Results and Discussion

Stability measurement All protein unfolding transitions were measured in F-type, polystyrene, 96-well microplates (Greiner Bio-One Ltd, UK) using a FLUOstar OPTIMA (BMG LABTECH Ltd, UK) microplate reader fi tted with a syringe pump for automation of denaturant injection. Protein unfolding was monitored by intrinsic tryptophan fl uorescence using a 340 – 10 nm emission fi lter with excitation at 280 nm. Protein-unfolding curves were obtained by the serial addition of buffered denaturant stock to 50 µL protein solution per well, containing 20 µg cyt c or 40 µg BSA. Each addition was followed by 30 seconds of mixing by orbital shaking at 350 rpm, and 15 minutes of equilibration prior to taking measurements. Stability calculations based on data fi tting and analysis were performed as stated in reference.6 The incubation times for each addition of denaturant were optimised to ensure that cyt c and BSA unfolding both reached equilibrium. It was determined empirically that 15 minutes between injections were suffi cient for both cyt c and BSA to fully equilibrate, resulting in serial addition experiments that took up to 10 hours for 25 denaturant concentrations. Conformational transition curves for cyt c from bovine and equine heart, are plotted as nine replicates performed in parallel.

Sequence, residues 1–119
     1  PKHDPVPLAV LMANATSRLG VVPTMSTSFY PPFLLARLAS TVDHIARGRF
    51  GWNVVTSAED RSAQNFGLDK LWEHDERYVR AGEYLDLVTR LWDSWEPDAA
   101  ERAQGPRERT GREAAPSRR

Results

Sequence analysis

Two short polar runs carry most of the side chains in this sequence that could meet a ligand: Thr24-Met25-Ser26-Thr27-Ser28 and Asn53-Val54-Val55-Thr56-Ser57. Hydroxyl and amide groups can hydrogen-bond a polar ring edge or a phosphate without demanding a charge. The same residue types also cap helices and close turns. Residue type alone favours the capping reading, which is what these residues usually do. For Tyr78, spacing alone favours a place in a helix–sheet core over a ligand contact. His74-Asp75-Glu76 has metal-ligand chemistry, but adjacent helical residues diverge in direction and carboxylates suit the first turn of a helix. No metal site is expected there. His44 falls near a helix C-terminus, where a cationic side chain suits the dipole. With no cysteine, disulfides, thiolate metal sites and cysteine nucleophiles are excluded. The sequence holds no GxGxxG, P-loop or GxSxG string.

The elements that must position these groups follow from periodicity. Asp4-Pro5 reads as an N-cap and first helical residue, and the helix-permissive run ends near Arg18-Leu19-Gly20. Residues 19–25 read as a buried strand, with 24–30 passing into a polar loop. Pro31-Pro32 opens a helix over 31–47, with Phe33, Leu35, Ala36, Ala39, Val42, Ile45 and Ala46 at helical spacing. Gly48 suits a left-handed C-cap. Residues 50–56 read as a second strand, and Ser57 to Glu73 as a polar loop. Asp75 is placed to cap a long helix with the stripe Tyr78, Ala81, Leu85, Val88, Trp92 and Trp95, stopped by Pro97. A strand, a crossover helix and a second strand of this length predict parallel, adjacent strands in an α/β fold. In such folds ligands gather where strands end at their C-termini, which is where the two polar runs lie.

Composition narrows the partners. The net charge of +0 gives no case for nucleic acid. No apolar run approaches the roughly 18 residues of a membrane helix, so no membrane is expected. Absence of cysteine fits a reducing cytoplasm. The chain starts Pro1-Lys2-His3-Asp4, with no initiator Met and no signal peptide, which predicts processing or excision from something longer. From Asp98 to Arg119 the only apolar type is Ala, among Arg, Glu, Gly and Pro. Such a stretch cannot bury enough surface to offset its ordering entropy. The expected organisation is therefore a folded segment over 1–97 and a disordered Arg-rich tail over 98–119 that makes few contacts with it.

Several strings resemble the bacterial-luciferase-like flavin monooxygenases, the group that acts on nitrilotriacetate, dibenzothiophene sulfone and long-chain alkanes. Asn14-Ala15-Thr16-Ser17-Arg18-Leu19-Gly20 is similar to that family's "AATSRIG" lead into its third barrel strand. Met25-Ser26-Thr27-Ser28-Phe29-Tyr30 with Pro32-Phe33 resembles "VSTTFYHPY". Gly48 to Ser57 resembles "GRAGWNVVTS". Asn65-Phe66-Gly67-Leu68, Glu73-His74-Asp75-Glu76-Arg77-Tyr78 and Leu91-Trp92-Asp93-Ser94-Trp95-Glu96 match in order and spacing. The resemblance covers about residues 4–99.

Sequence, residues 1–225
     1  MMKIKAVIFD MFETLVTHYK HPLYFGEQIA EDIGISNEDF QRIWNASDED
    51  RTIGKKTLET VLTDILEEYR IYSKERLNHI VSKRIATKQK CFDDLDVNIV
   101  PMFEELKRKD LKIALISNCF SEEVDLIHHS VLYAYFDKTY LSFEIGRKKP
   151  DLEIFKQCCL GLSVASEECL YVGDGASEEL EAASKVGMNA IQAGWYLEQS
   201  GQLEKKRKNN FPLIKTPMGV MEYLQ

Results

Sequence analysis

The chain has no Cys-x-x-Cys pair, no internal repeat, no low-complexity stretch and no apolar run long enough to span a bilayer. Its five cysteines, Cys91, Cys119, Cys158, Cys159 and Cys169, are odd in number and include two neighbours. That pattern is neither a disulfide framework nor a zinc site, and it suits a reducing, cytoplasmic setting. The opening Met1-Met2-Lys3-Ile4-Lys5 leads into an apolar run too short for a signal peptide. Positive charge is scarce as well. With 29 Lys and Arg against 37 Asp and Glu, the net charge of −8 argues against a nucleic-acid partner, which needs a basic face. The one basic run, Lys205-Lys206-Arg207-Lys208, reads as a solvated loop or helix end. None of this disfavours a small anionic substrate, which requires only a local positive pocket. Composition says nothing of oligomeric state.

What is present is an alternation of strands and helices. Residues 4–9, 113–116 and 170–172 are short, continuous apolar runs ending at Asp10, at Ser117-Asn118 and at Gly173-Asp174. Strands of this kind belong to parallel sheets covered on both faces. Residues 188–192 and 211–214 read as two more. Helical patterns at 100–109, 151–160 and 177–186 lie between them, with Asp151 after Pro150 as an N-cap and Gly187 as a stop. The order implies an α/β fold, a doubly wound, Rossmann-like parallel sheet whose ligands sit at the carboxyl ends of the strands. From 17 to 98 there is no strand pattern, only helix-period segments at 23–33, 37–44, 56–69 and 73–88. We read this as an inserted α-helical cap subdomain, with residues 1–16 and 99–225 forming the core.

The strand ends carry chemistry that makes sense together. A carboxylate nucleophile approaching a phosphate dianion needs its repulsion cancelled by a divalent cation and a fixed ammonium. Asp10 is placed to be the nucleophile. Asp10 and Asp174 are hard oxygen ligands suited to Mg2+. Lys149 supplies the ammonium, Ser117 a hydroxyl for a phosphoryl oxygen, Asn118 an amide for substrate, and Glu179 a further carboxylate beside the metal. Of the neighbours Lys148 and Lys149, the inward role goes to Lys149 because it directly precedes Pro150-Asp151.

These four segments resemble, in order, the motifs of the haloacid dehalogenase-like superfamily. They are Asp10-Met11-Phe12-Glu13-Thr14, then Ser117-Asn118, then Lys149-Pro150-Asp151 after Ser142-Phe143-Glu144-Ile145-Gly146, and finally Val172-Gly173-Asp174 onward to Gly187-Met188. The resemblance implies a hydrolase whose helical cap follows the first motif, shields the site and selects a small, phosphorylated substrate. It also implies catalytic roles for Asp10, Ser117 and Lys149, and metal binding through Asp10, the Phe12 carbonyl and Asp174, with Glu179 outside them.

The ability to rank protein stabilities in terms of C1/2 is sufficient for directed evolution screens, where the key requirement is to find enzymes that resist unfolding under the conditions required in a bioreactor.9 It is also useful for therapeutic formulation in which a combination of excipients is desired that improve the resistance of the protein to unfolding.2.

BSA unfolding curves at high-palmitate concentrations display at least one intermediate in the unfolding pathway, as seen from the deviation from a simple two-state unfolding curve. This intermediate is attributed to the early unfolding of the less stable C-terminal part of the protein. Fatty acid molecules partially stabilise the intermediate, increasing the mid-point of urea induced unfolding.10 Not all proteins will follow the ideal two-state model of unfolding and simple yet reliable high-throughput data processing protocols will be required for indexing the relative stability of related proteins. Three simple numerical methods were used to quantify the stability of the different BSA preparations: i) the unfolding datasets were fitted to a two-state transition model, calculating an approximate estimate for a global C1/2-value; ii) the areas below the unfolding curves were calculated using the trapezoidal rule; iii) the denaturant concentration at 60% or 70% unfolding was calculated using a linear equation defined by the two data points either side of the arbitrary set value. Although these are crude estimates of stability, they are still functional and effective at identifying fatty-acid induced stabilisation. All three numerical methods can confidently determine the order of BSA stabilities present at four palmitate concentrations. Interestingly, the fluorescence unfolding curves for BSA in GdnHCl in microplates (Figure 2) can also detect the presence of intermediate states that occur as three palmitate molecules bind to each BSA molecule, i.e. at high palmitate concentrations.